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The Weird Week in Review

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Cat Saves Man from Burning Home

With most "pet saves family from fire" stories, it's easy to assume that the pet woke someone up because it wanted OUT of the house. In this case, the cat came in from outside, and it didn't even live there!

Engineer Andrew Williams was asleep when the fire broke out at his bungalow in Bracknell in Berkshire.

As black smoke filled the property, his neighbour's cat Hugo came through a cat-flap and raised the alarm by clawing at the father-of-two's face.

Rescuers said that the fire could have killed Mr Williams if he had not been awoken by Hugo. A smoke detector had been moved during work on the bungalow.

Motive for Assault: Missing Condiments

26-year-old Monique Aguet went through the drive-through of a KFC in Surprise, Arizona. She became upset when her order did not include condiments. She went inside the store to continue the argument with a store employee, and was ordered to leave. The employee followed her back outside and stood behind Aguet's car to record her license plate number. Aguet then backed up the car/ The unnamed employee banged on the trunk to let her know she was there, but Aguet continued to back up, striking the employee with the car. Aguet was arrested for disorderly conduct and suspicion of aggravated assault with a deadly weapon. The employee was unhurt.

Windshield Shattered by Falling Fish

Leighann Niles was driving near East Harbor State Park in Ohio when a fish fell out of the sky and broke her car's windshield! The eight-pound freshwater drum, or sheepshead, was dropped by a bald eagle flying overhead. Niles said the eagle also dropped the head of a second fish. Neither Niles nor her 5-year-old daughter were injured in the incident.

Inmate Hides Gun in his Fat Rolls

120_vera25-year-old George Vera was arrested Sunday in Houston, Texas for selling bootleg CDs. Vera was searched at least four times and passed through a metal detector twice as he was processed and transferred from the city lockup to the county jail. On Monday, during a shower break, Vera admitted to a guard that he smuggled an unloaded 9mm pistol into the jail by hiding it in his rolls of fat. Vera weighs more than 500 pounds.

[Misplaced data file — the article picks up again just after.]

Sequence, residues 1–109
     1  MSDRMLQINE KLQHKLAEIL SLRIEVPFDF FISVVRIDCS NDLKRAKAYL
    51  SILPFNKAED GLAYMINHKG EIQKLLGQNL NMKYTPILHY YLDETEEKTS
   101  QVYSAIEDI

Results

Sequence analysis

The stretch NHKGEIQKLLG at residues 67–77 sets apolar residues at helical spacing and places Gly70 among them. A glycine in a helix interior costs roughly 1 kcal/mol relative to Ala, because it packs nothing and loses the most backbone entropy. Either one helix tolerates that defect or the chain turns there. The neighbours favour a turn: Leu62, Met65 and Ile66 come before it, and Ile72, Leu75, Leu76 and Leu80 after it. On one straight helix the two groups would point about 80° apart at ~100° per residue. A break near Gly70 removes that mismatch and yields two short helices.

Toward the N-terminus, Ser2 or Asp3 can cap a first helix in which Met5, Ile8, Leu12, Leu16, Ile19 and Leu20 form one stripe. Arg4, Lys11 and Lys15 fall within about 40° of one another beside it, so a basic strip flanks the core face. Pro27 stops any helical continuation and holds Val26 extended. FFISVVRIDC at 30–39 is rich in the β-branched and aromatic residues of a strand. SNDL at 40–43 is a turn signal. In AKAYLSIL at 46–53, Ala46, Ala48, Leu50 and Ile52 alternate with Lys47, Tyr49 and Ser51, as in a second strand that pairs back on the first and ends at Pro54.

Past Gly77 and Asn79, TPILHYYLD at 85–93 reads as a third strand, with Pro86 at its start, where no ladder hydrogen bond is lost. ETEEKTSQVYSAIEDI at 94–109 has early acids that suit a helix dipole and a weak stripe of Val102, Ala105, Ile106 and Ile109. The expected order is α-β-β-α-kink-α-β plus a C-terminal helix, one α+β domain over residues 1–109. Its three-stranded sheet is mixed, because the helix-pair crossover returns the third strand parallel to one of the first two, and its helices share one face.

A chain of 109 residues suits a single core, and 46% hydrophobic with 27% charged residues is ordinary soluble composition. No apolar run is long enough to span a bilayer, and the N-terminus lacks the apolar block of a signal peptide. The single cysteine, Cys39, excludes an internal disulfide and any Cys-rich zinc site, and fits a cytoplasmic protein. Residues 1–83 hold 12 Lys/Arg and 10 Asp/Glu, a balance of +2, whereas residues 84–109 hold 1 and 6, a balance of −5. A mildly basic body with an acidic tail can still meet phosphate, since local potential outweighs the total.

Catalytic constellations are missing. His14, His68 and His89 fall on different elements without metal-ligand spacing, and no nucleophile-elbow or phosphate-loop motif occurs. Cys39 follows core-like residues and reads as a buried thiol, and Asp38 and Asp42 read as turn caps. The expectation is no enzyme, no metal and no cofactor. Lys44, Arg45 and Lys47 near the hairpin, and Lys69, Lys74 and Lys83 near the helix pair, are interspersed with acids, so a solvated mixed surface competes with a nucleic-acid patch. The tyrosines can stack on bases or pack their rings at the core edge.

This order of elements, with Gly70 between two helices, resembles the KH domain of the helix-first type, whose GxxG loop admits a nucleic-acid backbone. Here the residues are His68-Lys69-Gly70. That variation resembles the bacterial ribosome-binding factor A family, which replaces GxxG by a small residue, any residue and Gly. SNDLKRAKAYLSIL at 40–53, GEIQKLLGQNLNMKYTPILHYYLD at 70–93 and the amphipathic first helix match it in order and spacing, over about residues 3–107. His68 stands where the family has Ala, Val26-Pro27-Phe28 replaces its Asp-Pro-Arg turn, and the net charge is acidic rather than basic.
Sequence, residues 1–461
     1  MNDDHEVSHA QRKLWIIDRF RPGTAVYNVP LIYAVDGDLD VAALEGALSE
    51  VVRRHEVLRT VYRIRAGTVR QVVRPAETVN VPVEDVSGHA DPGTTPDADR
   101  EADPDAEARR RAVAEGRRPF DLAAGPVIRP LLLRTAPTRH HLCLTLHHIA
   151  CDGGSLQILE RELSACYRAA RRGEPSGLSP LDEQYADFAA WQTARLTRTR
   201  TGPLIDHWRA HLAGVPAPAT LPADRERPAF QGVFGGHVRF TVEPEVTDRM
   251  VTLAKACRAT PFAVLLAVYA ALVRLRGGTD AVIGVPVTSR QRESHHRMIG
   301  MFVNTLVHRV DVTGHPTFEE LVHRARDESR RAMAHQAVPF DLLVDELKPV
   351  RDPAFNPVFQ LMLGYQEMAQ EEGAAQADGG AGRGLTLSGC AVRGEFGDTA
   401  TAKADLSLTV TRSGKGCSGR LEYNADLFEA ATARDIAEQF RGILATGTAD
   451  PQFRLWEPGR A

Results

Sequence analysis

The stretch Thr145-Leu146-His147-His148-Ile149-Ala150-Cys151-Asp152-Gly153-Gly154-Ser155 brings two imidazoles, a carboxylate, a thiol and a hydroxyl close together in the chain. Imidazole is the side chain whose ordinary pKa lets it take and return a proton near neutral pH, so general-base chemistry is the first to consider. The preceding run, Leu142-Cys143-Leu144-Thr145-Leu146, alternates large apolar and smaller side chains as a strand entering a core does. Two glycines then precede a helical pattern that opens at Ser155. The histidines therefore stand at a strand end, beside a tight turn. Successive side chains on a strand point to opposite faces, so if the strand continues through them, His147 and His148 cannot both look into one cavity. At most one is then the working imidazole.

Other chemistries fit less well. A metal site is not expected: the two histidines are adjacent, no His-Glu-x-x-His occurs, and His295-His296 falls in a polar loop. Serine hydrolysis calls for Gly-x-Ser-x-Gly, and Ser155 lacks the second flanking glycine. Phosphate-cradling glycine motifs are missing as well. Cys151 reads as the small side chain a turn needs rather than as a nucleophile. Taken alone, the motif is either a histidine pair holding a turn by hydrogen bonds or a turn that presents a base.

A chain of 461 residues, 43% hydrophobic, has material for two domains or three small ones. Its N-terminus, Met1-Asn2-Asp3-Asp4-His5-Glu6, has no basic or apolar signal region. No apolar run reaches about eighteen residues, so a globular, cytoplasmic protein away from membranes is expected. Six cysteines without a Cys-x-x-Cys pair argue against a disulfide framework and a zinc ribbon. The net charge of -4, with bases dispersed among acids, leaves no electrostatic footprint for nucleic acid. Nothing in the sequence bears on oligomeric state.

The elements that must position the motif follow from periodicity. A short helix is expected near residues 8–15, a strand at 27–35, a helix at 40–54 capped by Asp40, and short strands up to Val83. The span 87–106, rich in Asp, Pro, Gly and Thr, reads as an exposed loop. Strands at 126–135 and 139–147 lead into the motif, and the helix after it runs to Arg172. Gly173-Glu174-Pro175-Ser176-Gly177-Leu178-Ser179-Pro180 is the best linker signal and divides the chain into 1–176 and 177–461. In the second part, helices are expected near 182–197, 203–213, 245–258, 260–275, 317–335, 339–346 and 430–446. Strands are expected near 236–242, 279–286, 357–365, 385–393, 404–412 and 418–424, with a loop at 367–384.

Cab Driver Choked; People Locked Inside Church

A strange chain of events occurred Saturday morning in Mount Vernon, New York. A cab picked up a passenger, who tried to rob the driver by choking him while he was driving. The driver lost control of the vehicle and crashed into the River Jordan Holy Tabernacle Church. The attacker and two other passengers fled the scene. While police were investigating the incident, they found five people inside the church, which was locked from the outside. Police Commissioner David Chong said the five people were taken to a hospital as a precaution.

"What scares us about this is that the church was all locked down from the outside, so there was no means of getting out of the church for these four adults and the child," Chong said.

Duck has a Sandal

150ducksandalLucky the duckling is very lucky to have been adopted by an orthopedic nurse after she broke her leg, which left her with a right foot that bent the wrong way. Alison Morgan of Newport, Wales, performs physical therapy on the leg and had a special Roman sandal made for her by cobbler Kelvin Reddicliffe. The sandal protects Lucky's toes from irritation and further damage, and allows her to keep up with the other two ducks in the home. Morgan is trying to raise £500 for an operation to straighten and lengthen Lucky's leg.

Man Blames Cat for Child Pornography

Police investigators found over 1,000 images of child pornography on a computer belonging to 48-year-old Keith R. Griffin of Jensen Beach, Florida. He was charged with ten counts of possession of the materials. Griffin said that he left his computer on all the time, and that his cat would sometimes jump on the keyboard. When he returned to the computer, there would be "strange material downloaded". Griffin is being held in the Martin County Jail, with bail set at $250,000

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iStock // Ekaterina Minaeva
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technology
Man Buys Two Metric Tons of LEGO Bricks; Sorts Them Via Machine Learning
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iStock // Ekaterina Minaeva

Jacques Mattheij made a small, but awesome, mistake. He went on eBay one evening and bid on a bunch of bulk LEGO brick auctions, then went to sleep. Upon waking, he discovered that he was the high bidder on many, and was now the proud owner of two tons of LEGO bricks. (This is about 4400 pounds.) He wrote, "[L]esson 1: if you win almost all bids you are bidding too high."

Mattheij had noticed that bulk, unsorted bricks sell for something like €10/kilogram, whereas sets are roughly €40/kg and rare parts go for up to €100/kg. Much of the value of the bricks is in their sorting. If he could reduce the entropy of these bins of unsorted bricks, he could make a tidy profit. While many people do this work by hand, the problem is enormous—just the kind of challenge for a computer. Mattheij writes:

There are 38000+ shapes and there are 100+ possible shades of color (you can roughly tell how old someone is by asking them what lego colors they remember from their youth).